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to the conscience, to reach the hearts of men, and make converts to God. Yes, this is the


“ Having your conversation honest among the Gentiles : that whereas they speak against you as evil doers, they may by your good works, which they shall behold, glorify God in the day of visitation." Another question. Is this what we are doing--shining so that men, knowing we profess the religion of Jesus, see, in looking at us, how pure, lovely, excellent, and divine a religion it is, and are led to say, “Verily, it must be from God, and we must embrace it too we will be Christians ?"

The other object for which Christians shine is to enlighten others. But on this I cannot now enlarge. Only this I would observe. See how far Christians shine! They do not merely illumine some little sphere. They are the light of the world. Their influence reaches to the ends of the earth.

Would we make good our Savior's assertion with respect to ourselves--would we be the light of the world, let us first take heed that the light which is in us be not darkness: and let us next have a care that our light make discovery to others of good works. Let us do them. Then, as for those who see us, it is their fault, not ours, if they are not converted. And as for those who are too far off to see us, it only remains that we carry them the light, or send it to them.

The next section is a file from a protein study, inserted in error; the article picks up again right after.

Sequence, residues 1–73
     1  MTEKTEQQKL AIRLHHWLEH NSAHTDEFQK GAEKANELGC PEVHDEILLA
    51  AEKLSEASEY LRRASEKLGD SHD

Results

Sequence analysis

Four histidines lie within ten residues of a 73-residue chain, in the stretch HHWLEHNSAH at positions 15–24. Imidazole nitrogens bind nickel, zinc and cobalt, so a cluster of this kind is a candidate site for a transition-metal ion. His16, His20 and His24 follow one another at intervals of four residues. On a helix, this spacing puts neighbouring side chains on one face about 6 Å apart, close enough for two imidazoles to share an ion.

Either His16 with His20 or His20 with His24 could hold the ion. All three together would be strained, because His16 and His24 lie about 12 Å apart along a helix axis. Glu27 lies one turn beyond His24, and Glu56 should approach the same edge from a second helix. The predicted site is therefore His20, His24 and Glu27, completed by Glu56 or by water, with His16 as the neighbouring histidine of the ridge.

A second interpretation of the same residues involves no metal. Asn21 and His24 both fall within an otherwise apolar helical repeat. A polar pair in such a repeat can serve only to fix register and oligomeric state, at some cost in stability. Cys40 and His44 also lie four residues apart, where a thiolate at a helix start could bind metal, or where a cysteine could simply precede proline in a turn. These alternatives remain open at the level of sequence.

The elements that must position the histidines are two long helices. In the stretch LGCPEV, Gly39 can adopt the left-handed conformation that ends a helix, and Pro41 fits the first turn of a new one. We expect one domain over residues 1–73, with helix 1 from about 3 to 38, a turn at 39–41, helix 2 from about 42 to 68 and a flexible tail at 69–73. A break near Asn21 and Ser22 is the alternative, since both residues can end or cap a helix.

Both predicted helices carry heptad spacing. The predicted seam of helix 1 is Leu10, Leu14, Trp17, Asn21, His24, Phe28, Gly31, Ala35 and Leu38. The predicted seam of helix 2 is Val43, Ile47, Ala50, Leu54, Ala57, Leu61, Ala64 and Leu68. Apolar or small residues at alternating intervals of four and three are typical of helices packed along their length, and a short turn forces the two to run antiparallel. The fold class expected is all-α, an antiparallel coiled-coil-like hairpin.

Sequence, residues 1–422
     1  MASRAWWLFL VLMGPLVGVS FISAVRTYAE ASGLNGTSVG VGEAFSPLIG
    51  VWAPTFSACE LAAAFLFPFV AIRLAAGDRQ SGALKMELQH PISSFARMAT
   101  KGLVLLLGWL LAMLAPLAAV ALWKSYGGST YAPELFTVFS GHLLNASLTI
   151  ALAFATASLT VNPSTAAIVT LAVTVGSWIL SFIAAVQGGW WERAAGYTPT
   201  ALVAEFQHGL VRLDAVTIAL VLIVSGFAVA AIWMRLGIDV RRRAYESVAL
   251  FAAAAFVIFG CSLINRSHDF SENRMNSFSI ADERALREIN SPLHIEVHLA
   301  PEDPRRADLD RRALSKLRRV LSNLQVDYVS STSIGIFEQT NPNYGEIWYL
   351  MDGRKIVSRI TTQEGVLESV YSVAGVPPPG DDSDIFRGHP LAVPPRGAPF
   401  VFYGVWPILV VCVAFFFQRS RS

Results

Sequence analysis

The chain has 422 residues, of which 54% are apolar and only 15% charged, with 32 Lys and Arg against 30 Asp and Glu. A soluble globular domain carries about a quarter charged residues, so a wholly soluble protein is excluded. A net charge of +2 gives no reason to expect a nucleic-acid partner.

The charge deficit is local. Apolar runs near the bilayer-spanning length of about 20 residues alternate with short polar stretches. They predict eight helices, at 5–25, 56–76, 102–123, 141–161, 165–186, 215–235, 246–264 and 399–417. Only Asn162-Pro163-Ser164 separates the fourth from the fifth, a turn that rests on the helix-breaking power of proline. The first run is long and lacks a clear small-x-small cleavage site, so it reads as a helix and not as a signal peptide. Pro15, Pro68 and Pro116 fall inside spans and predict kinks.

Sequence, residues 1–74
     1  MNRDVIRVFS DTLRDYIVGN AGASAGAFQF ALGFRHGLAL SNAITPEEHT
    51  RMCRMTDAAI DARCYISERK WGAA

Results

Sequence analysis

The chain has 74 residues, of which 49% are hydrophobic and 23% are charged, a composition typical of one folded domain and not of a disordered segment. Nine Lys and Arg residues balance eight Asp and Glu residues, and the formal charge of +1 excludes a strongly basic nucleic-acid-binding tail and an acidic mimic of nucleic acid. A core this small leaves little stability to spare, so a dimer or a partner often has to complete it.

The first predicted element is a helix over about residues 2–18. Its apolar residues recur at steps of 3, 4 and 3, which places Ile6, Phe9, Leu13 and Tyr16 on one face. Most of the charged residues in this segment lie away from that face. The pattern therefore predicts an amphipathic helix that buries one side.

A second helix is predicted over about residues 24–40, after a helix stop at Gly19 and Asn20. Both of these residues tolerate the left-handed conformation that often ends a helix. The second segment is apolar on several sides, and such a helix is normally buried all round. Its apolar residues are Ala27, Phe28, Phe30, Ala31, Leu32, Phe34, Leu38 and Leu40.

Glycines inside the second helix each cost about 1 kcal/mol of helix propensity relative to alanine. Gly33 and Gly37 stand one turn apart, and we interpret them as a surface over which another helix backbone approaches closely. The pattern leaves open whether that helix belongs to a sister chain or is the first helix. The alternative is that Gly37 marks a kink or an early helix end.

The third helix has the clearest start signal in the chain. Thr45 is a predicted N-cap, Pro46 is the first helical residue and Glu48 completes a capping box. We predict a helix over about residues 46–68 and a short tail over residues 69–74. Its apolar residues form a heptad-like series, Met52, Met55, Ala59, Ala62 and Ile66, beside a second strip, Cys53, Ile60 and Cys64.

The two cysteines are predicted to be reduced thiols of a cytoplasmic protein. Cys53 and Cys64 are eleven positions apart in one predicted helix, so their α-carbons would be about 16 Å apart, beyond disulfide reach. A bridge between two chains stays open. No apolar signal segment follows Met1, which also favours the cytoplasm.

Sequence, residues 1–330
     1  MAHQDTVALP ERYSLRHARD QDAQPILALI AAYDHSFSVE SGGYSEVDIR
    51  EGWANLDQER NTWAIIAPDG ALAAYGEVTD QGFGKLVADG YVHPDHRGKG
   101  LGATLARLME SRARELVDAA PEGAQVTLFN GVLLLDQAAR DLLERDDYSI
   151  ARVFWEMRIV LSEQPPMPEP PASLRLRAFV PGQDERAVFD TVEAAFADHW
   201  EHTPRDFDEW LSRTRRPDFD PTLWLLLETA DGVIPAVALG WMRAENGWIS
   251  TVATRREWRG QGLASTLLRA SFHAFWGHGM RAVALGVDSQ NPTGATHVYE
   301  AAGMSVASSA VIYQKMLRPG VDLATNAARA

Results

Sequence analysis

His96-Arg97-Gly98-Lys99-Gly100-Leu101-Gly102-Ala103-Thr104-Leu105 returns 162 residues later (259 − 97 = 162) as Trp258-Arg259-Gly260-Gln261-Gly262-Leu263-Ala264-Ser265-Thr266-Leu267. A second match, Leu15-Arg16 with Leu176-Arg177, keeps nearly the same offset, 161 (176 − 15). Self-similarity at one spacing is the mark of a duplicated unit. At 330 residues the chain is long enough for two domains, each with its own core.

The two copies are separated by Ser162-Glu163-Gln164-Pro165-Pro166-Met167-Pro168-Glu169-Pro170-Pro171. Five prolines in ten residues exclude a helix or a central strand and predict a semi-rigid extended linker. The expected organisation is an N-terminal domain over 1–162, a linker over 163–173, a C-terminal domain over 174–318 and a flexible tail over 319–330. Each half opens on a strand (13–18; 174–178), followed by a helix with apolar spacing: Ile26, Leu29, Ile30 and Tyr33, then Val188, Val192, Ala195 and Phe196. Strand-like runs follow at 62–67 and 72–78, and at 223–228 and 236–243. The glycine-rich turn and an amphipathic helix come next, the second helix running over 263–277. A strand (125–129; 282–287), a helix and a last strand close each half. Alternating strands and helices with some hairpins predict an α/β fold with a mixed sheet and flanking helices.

42. The Salt of the Earth,

Here is something else which Christians are. All that they are cannot be told in a single sentence. It requires many. Some content themselves with a partial representation of the Christian character. But the proper plan is to bring together all the Bible has to say about it, and then aptly to arrange the parts so as to present a full and perfect delineation. Many seem to think that every definition of religion in the Bible is intended to exhaust the subject. It is a great mistake, and one which, I fear, is fatal to inany

Christians are the light of the world, as has been already said. But this is not all they are; they are also “ the salt of the earth ;" and the same individuals are both these; they do not merely shine for the benefit of the world; they act upon it in another, more immediate and more energetic manner; they are not merely light to it, but salt to it also. They preserve it.

Here let me remark, what a useful people Christians are! What are more useful, I may say indispensable, than light and salt? How could we get along at all without them? Well, Christians are these to the moral world. They enlighten it. They discover moral excellence to it. Yea, they preserve it from perishing. The world would not keep but for


Christians. They are the salt of the earth. How soon Sodom was destroyed after Lot left it! He was the salt of Sodom. That one good man.saved the city while he remained in it; and if there had been nine more, they might all have remained, and Sodom should have been spared. Well may I say, how use. ful Christians are to their fellow-creatures! And I may add, how variously useful they are! If they were merely light to the world, they could be very useful; but they are also salt to it.

Moreover, what a disinterested people Christians are! It is not to themselves mainly that they are so useful, but to others. Not a man of them liveth to himself. Light shines not for its own advantage; and salt exists wholly for the benefit of other substances; and how completely it spends itself on them, and loses itself in them! Such are Christians. They please not themselves. They seek not their own. This is what we are, if we are Christians.